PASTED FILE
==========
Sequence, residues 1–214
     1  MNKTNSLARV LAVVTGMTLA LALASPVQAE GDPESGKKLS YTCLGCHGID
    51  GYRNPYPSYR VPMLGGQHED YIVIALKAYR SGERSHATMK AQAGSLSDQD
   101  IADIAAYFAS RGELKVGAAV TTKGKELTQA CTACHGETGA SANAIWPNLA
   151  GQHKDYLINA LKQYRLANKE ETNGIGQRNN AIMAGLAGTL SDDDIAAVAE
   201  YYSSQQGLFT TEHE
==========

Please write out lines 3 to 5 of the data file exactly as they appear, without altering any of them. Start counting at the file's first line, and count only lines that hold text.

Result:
    51  GYRNPYPSYR VPMLGGQHED YIVIALKAYR SGERSHATMK AQAGSLSDQD
   101  IADIAAYFAS RGELKVGAAV TTKGKELTQA CTACHGETGA SANAIWPNLA
   151  GQHKDYLINA LKQYRLANKE ETNGIGQRNN AIMAGLAGTL SDDDIAAVAE